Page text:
From Frege to direct reference: Value assigned logical forms as an explanation of contradictory de re beliefs

Spewak, David Charle (2007) From Frege to direct reference: Value assigned logical forms as an explanation of contradictory de re beliefs. MPhil(R) thesis, University of Glasgow.

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Abstract

The primary concern of this work is the substitution of co-referring names in belief ascriptions. Before an explanation of belief ascriptions is given, the development of direct reference is considered with some advance on the character of proper names. Attention is paid to relevant philosophical developments leading to the espoused view. Frege claimed that there is a distinction between the sense and reference proper names. This is considered as well as what Frege put forward with regards to indirect speech. Then I discuss Kripke's response to Frege, and similar theories. With the descriptive theories of naming considered inadequate, a new account of how names refer is given through Kripke's picture of reference based on reference sharing. Reference sharing is further developed in line with Gareth Evans's name-using practices. Out of the Kripkean picture developed direct reference. Any theory of direct reference is a theory that claims that the semantic content of a directly referential term is simply its referent. David Kaplan gave an account of direct reference using indexicals and demonstratives as a paradigm. His account showed that there are two types of meaning, character and content, where character is the linguistic meaning and content is the semantic meaning of a term. It is shown that Kaplan's distinction is clear for indexicals, but his claim that character and content collapse into reference for proper names is unsatisfactory. A new and more radical account of character is then given for proper names. It is maintained that proper names are directly referential, so the content of a name is its referent, but its character is a function from name-using practice to referent. This account is developed in contrast to the view of Recanati. Direct reference gives a natural explanation of ordinary assertions, but is often considered problematic in belief attributions. Since the semantic content of a name is its referent, co-referring names should be substitutable salva veritate in all sentences. In belief attributions this is counter-intuitive. Kripke's discussion of this puzzle is considered to show that this is a problem for any theory of reference. After considering the problem for a theory of names, pragmatic solutions are considered, particularly the theories of Scott Soames and Nathan Salmon. Soames's view is shown unsatisfactory as it does not explain belief toward singular propositions, and can give the intuitively wrong truth-value for some veridical propositional attitudes. Salmon claims that belief is really a ternary relation between individuals, propositions, and modes of apprehension with propositions. He then claims that speakers cannot express this ternary relation, but "fake it" through pragmatics. This view is rejected in the hope of developing an account of belief that is consistent with direct reference and psychological accounts, but does not require speakers to fake it. In my account different ways of believing a proposition are given in value assigned logical forms. Value assigned logical forms give the metaphysics of belief as a binary relation. Substitution of co-referring terms is possible in belief attributions so long as it does not change the value assigned logical form of the belief attribution. An account is then given which explains behaviour when such contradictory beliefs are rationally held. It is also explained why there is hesitation to make substitutions in belief attributions and why it is more appropriate for speakers to use certain words over others in belief attributions.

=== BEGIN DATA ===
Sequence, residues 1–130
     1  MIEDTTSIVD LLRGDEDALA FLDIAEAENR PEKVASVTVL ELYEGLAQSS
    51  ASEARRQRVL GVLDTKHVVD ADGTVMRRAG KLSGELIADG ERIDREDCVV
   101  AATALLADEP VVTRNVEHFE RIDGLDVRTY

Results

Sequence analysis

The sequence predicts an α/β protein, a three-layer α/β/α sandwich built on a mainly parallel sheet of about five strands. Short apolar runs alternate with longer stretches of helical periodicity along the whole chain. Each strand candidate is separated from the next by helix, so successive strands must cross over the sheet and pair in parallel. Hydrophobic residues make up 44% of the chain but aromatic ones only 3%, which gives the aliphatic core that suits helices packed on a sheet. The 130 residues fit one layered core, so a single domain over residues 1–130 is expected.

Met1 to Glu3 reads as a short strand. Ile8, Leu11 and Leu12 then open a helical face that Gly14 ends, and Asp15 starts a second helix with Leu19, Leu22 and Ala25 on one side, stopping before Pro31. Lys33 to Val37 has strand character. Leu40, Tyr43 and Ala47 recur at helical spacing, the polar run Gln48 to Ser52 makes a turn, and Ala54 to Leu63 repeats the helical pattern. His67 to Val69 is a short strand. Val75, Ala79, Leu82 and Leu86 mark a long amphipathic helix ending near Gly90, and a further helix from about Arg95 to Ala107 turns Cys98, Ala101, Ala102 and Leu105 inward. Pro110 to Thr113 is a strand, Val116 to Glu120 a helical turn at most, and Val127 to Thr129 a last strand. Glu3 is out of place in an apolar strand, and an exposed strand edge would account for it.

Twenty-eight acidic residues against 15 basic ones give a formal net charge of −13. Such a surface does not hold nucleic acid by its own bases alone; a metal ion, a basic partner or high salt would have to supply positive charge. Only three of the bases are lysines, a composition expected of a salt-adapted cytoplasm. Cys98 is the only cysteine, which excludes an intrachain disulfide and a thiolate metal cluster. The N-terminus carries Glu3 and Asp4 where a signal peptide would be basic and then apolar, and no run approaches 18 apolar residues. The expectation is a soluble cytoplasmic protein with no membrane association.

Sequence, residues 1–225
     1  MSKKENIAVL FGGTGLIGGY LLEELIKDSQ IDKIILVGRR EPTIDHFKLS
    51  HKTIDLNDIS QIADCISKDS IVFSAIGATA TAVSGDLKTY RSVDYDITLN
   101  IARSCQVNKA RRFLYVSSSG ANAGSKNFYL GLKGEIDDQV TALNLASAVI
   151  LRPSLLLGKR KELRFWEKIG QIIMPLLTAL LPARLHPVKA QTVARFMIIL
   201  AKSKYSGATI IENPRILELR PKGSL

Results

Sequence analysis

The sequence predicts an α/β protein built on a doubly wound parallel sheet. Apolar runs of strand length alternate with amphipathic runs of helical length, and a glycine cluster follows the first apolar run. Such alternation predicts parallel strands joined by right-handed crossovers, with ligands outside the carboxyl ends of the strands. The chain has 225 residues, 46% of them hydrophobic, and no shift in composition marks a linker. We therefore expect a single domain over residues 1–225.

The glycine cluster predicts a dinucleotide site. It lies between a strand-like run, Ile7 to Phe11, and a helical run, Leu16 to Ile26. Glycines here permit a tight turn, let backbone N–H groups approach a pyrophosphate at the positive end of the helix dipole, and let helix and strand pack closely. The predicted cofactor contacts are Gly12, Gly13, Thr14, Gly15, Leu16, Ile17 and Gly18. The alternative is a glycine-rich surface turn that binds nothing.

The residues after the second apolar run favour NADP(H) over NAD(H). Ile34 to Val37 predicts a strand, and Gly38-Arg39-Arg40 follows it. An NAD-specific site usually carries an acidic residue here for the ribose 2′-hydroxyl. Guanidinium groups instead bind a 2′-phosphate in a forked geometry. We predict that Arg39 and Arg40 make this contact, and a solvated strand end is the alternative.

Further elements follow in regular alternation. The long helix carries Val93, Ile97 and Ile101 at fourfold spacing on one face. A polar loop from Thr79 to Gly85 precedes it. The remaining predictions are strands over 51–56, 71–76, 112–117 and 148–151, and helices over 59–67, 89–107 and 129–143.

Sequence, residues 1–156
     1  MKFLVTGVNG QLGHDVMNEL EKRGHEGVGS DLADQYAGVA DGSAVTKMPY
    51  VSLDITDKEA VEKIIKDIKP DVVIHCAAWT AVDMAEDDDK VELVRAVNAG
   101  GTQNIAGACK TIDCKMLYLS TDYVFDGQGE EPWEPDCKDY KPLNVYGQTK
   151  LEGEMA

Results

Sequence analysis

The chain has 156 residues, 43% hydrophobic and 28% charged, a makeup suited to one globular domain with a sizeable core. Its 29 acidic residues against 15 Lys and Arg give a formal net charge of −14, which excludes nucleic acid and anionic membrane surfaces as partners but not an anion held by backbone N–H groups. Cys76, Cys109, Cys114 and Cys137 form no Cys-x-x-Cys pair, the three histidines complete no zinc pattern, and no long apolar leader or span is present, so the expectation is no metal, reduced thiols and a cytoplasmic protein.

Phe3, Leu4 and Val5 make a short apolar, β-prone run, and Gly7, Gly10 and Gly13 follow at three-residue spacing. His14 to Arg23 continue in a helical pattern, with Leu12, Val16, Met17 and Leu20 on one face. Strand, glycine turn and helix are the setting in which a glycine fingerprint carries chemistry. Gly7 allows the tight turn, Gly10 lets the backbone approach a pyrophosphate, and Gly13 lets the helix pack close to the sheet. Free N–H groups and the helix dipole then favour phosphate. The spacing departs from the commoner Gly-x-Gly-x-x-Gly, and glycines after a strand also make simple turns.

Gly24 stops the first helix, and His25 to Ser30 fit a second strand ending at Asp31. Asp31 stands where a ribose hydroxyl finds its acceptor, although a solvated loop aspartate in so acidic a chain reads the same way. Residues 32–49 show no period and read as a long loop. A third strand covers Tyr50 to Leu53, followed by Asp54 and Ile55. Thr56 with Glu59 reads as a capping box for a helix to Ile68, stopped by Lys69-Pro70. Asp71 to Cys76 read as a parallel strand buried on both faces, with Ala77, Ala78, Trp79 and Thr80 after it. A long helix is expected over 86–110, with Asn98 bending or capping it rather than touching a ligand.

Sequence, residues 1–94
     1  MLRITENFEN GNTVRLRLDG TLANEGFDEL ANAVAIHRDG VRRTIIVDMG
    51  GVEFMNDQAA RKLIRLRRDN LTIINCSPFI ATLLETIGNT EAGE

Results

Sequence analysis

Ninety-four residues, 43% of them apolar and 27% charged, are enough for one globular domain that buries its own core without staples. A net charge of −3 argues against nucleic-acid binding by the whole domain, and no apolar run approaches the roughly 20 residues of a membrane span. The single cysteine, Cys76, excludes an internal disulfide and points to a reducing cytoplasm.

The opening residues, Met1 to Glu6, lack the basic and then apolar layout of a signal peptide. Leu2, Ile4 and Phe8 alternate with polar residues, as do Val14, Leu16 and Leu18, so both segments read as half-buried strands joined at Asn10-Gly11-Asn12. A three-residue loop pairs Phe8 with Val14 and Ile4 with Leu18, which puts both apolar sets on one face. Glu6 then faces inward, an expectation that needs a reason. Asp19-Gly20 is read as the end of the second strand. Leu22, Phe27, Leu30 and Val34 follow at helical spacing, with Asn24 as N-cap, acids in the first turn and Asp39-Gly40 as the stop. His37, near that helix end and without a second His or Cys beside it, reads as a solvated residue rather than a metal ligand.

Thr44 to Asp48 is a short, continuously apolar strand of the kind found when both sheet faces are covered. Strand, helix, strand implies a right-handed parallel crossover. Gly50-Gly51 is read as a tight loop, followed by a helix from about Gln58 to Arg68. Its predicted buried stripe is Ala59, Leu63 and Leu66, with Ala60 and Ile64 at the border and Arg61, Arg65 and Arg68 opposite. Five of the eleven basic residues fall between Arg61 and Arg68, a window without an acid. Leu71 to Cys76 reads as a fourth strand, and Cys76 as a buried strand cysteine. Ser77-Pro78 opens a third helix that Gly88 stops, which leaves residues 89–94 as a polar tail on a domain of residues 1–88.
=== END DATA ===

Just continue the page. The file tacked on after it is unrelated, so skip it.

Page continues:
Item Type: Thesis (MPhil(R))
Qualification Level: Masters
Additional Information: Adviser: Joann Spewak
Keywords: Philosophy, Logic
Date of Award: 2007
Depositing User: Enlighten Team
Unique ID: glathesis:2007-74208
Copyright: Copyright of this thesis is held by the author.
Date Deposited: 23 Sep 2019 15:33
Last Modified: 23 Sep 2019 15:33
URI: http://theses.gla.ac.uk/id/eprint/74208

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